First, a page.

3) Set the Location of the Configuration Database as shown below.


You can find the file called IdentityServerConfiguration.sdf inside of the App_Data folder of the Website Project.



4) Select the certificate that will be used for SSL Encryption. **Note: If you already have IIS setup with SSL, you most definitely want to use the same certificate. I suspect you will, because if you are installing this Identity Server you must be very familiar with the Windows Identity Foundation configuration dance.


5) Select the certificate that will be used for Signing (You can use the same certificate)



After this is done, you might be thinking that you can run the [website] project now and it should just work, right? Thought WRONG! There is no free meal in this world. Our friend Dominick [Baier] has had this running on his machine for a while, so perhaps forgot about setting up IIS, the ASP.NET provider Database and all that business.



So, right after you download the source code, the Web Project Properties looks like so:


Notice the “[X] Use Custom Web Server” option is selected, and points to https://roadie/idsrv/. You want to change these setting as follows:

Switch the setting to Use Local IIS Web Server and enter a more appropriate URL (i.e.:http://[your machine’s fully qualified name]/idsrv), or if you are one cool cat, you may choose Use IIS Express (but then, you are on your own).

We are almost there, do not despair.


If you were to try to run the Website, you should get this “Yellow page of death”. And that is due to the fact (if you are one of those who do no read error pages) that the 1) you have not installed the standard ASP.NET Membership schema, and 2) the Identity under which IIS is running does not have access to said database (provided it existed). Follow these instructions to setup the ASP.NET application services schema.


After having installed the ASP.NET Schema on your SQL Server instance, go to SQL Server Management Studio, and under Security –> Logins, and make sure that the Identity under which your IIS Application Pool is running has a valid login in SQL Server and has the right access to the ASP.NET database. In my case, the App pool Identity is 'IIS APPPOOL\DefaultAppPool' and the database named "aspnetdb".image


Lastly, change the Website\Configuration\connectionStrings.config file to point to your ASP.NET application services database.

<add name="ProviderDB"
connectionString="data source=.\sqlexpress;Integrated Security=SSPI;Initial Catalog=aspnetdb"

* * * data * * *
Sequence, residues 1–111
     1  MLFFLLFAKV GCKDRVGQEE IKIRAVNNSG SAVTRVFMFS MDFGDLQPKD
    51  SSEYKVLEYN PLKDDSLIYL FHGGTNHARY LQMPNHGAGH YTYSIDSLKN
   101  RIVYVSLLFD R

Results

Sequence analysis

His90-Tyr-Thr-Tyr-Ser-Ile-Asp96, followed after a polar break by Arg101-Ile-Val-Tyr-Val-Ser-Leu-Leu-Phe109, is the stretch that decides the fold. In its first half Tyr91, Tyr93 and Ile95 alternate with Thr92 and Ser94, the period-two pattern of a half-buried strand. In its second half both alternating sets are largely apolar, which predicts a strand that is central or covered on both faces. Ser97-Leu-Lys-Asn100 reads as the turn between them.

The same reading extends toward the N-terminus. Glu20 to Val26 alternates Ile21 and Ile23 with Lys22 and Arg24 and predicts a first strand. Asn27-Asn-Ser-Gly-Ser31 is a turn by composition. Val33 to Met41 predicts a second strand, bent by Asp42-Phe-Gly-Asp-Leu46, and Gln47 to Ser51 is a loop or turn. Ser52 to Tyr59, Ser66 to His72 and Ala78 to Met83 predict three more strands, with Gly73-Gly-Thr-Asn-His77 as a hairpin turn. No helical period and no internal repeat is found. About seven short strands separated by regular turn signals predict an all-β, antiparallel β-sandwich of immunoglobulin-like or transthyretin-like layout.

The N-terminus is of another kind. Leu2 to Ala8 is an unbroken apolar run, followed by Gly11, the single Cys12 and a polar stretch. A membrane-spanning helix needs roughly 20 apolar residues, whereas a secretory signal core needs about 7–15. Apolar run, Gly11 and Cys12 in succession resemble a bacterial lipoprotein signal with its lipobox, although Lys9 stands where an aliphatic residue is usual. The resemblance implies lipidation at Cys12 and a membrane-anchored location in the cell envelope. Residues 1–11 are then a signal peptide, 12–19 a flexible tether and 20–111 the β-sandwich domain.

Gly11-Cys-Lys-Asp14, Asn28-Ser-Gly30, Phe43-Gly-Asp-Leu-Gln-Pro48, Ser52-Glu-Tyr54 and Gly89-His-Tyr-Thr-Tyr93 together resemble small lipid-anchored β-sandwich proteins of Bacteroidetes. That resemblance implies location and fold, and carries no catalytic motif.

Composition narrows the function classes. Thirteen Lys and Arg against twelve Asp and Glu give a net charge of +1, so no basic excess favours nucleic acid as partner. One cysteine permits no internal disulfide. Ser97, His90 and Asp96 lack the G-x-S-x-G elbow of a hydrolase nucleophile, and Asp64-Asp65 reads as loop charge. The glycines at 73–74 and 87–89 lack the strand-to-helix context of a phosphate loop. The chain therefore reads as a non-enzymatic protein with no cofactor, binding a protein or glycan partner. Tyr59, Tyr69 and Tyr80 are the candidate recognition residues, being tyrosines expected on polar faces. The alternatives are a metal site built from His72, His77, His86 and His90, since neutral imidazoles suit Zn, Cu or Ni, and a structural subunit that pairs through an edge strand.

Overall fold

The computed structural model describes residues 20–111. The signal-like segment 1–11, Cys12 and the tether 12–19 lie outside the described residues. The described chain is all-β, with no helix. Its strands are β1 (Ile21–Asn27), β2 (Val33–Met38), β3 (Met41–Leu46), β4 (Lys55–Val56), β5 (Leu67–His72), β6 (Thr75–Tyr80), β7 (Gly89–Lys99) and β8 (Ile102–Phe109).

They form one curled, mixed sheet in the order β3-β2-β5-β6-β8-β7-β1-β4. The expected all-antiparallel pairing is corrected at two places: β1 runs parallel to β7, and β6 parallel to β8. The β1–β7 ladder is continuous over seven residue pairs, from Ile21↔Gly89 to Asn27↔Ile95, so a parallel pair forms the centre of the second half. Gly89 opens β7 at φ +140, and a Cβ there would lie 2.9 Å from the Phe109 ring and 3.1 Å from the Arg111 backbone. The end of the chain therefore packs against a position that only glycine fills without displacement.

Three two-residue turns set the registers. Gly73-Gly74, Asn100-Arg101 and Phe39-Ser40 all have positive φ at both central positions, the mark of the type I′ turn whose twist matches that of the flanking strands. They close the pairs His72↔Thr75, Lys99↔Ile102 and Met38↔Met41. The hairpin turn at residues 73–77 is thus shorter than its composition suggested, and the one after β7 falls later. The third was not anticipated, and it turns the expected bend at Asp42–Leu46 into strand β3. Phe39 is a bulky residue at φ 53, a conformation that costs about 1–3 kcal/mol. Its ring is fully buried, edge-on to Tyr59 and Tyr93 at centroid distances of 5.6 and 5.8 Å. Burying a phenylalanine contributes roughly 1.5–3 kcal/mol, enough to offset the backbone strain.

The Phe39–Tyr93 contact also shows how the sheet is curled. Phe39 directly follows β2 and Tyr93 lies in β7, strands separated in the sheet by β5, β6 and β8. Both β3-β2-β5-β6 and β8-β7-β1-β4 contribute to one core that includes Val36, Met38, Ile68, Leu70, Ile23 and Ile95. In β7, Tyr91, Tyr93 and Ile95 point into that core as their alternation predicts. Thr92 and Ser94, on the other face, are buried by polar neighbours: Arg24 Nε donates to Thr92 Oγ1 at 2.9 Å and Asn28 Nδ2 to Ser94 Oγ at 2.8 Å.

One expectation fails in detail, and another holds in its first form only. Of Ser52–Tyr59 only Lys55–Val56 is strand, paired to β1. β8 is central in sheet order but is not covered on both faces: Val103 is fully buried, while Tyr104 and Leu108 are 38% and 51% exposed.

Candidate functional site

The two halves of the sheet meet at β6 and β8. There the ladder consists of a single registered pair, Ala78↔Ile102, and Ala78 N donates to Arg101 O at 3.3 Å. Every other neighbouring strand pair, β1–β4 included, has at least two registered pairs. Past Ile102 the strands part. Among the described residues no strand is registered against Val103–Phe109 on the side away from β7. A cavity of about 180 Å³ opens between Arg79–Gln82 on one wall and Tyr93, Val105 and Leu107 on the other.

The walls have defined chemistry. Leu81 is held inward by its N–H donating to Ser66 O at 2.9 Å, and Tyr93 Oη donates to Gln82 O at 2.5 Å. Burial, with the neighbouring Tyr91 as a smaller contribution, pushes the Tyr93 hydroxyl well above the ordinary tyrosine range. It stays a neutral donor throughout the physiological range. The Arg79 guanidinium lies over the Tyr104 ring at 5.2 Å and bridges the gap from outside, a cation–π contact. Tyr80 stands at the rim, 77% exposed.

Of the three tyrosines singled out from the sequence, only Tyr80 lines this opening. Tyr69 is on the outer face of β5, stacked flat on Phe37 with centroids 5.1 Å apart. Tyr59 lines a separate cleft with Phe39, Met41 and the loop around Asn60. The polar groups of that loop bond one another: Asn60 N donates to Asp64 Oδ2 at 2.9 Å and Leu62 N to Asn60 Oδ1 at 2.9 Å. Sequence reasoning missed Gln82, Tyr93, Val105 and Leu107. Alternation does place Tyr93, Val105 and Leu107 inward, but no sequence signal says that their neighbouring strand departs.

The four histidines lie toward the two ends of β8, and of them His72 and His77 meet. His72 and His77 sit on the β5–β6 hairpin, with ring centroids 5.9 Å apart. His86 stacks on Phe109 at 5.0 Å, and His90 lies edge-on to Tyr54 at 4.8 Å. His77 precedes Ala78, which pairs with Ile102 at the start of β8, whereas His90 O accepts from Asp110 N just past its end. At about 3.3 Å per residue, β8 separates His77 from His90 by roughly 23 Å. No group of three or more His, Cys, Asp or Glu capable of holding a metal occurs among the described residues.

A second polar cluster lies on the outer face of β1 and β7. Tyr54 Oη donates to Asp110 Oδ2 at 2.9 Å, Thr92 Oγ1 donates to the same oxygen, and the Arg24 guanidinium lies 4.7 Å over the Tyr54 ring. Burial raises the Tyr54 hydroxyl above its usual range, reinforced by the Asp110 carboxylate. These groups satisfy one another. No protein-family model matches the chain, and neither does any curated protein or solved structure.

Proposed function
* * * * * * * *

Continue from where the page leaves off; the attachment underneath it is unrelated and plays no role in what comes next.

providerName="System.Data.SqlClient" />
<add name="IdentityServerConfigurationEntities"
connectionString="metadata=res://Thinktecture.IdentityServer.Core/Repositories.SqlCompact.IdentityServerConfiguration.csdl|res://Thinktecture.IdentityServer.Core/Repositories.SqlCompact.IdentityServerConfiguration.ssdl|res://Thinktecture.IdentityServer.Core/Repositories.SqlCompact.IdentityServerConfiguration.msl;provider=System.Data.SqlServerCe.4.0;provider connection string=&quot;Data Source=|DataDirectory|\IdentityServerConfiguration.sdf&quot;"
providerName="System.Data.EntityClient" />


If you did everything right, you should now be able to run the application and get this page.


Accessing the Administration Mode of Identity Server

Out of the box, IdentityServer is configured to use the SqlMembershipProvider membership provider implementation. Therefore to login you have to:

  1. create a user (i.e.: Administrator)
  2. create a role called IdentityServerAdministrators.

Both of these can be accomplished by using the built-in Web Site Administration Tool (in Visual Studio, go to Project –>  ASP.NET Configuration).

[FYI] Contrary to what  Dominik Baier’s introductory video says [9:02] , the role the code is expecting is not “TokenServiceAdministrators”, but instead, IdentityServerAdministrators).

[Change for Improvement] This can be improved in the future by modifying the provided implementation of  ClaimsAuthorizationManager, and changing the AuthorizeAdministration Method (inside of Thinktecture.IdentityServer.Web.Security.AuthorizationManager)

protected virtual bool AuthorizeAdministration(Collection<Claim> resource, IClaimsIdentity id)
return (id.ClaimExists(ClaimTypes.Role, Constants.Roles.IdentityServerAdministrators));

The next article will describe how to create a configure your application (Relaying Party) to trust Identity Server as an Secure Token Service (STS).

Thursday, September 1, 2011

Where my data files at!?